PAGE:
Often times, shoplifting cases involve an individual being stopped by a loss prevention agent before actually leaving the store property with the unpaid merchandise. What most people don't realize is that you can still be charged, and convicted, of shoplifting even if you never make it through the exit.
Expungement, or "setting aside a criminal conviction," effectively erases an individual's criminal record to the public. When a record is expunged, information regarding arrests or convictions is not available in background checks. If you successfully expunge your record, when you apply for a loan, an apartment, or a job, the offense does not legally have to be disclosed.
In the Commonwealth of Pennsylvania, there are very few circumstances in which you are eligible to have convictions expunged from your criminal record. In fact, only summary offenses are eligible for expungement, and you must wait five (5) years from the date of conviction before you can make the request. Misdemeanors and felonies can never be expunged. However, there are two exceptions to this rule. First, individuals who are over the age of seventy (70), and have been free of arrest or prosecution for ten (10) years following release from confinement or supervision, can be granted an expungement of their record. Second, in most circumstances, those who successfully complete an A.R.D. (Accelerated Rehabilitative Disposition) program can have their charges expunged.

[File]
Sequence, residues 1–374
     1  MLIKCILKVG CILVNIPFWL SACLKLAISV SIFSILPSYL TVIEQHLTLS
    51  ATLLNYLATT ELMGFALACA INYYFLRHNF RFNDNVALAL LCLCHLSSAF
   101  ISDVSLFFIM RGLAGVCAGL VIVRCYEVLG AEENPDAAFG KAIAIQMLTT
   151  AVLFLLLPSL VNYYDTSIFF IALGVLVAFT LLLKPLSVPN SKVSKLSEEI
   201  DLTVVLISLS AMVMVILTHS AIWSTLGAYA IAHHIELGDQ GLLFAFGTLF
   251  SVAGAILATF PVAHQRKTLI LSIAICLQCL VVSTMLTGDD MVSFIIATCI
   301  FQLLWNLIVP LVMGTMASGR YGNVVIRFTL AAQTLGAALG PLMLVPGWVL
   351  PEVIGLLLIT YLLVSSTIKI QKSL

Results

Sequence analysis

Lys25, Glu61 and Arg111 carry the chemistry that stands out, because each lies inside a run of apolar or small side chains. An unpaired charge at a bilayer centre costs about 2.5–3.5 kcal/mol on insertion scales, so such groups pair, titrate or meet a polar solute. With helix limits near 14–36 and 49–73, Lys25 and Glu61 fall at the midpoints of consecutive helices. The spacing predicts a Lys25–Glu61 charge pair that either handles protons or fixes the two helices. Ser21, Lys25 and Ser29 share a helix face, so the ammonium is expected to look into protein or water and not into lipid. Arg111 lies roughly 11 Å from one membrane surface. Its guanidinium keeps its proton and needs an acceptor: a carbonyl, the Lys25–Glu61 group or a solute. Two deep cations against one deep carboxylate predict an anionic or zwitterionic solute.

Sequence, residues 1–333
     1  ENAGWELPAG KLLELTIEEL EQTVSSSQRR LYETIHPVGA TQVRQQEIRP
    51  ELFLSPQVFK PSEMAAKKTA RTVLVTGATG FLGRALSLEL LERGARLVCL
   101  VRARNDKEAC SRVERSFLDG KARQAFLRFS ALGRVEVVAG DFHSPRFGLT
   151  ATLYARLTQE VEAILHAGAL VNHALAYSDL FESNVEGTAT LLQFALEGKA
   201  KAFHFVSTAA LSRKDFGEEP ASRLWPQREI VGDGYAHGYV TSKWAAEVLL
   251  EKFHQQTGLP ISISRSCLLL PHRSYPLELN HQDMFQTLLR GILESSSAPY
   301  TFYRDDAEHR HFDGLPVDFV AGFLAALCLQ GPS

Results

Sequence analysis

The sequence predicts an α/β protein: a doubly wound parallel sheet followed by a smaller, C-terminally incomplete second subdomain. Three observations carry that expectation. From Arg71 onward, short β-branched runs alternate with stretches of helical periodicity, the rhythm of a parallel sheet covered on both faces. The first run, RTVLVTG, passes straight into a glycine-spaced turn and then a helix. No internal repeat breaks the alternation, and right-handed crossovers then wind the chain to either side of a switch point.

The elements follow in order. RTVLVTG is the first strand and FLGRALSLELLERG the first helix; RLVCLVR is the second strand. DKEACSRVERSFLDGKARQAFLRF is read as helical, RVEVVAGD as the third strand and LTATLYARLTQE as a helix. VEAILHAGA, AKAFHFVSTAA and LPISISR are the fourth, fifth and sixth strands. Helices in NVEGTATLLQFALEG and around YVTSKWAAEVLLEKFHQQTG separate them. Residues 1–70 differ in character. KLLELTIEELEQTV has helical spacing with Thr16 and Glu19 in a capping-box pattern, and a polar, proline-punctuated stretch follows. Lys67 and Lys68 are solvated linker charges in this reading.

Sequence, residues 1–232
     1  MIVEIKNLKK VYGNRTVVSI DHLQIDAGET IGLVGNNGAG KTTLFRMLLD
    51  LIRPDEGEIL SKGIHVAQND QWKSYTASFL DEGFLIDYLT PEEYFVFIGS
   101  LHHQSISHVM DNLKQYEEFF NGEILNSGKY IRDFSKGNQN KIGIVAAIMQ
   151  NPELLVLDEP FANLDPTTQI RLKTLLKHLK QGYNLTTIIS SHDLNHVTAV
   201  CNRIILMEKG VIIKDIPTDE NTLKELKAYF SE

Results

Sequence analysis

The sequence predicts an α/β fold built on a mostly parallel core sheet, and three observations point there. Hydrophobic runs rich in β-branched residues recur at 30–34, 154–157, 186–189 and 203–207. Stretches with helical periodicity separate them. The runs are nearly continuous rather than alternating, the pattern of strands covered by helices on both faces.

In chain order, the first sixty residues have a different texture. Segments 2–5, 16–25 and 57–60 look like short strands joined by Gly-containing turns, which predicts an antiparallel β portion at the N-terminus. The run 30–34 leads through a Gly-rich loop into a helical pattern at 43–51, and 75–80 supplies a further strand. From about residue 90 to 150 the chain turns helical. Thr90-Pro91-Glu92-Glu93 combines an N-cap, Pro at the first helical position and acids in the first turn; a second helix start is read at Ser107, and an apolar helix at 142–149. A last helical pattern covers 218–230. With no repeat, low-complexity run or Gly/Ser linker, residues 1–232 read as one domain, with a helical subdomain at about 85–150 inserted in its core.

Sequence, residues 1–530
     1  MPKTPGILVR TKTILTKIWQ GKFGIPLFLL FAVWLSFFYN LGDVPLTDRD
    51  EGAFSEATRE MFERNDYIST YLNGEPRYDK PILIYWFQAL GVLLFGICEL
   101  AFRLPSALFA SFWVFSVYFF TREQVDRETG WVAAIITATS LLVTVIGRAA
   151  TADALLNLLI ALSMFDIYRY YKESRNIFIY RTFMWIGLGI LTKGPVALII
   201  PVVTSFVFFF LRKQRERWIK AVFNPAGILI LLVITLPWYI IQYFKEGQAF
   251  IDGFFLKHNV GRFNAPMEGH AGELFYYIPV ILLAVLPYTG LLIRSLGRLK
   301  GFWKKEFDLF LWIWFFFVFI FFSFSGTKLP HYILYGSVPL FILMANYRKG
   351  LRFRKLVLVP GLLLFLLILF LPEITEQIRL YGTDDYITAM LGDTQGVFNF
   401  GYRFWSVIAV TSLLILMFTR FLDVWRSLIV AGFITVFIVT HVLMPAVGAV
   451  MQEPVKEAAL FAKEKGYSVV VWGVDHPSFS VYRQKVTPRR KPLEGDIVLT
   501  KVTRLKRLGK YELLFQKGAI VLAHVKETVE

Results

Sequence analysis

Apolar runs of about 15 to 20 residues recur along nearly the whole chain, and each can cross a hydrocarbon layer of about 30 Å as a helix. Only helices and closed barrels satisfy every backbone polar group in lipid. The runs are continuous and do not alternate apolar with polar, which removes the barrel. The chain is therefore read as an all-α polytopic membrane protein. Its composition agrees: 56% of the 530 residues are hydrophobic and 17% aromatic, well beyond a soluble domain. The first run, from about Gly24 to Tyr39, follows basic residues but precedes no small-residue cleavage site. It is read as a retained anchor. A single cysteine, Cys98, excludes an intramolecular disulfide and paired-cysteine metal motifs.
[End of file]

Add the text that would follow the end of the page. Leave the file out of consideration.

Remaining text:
In June of this year, the U.S. Supreme Court issued a landmark ruling in Birchfield v. North Dakota which affects every driver who is stopped by the police on suspicion of driving under the influence of alcohol or drugs. This ruling will cause states to reevaluate how they process suspected intoxicated drivers.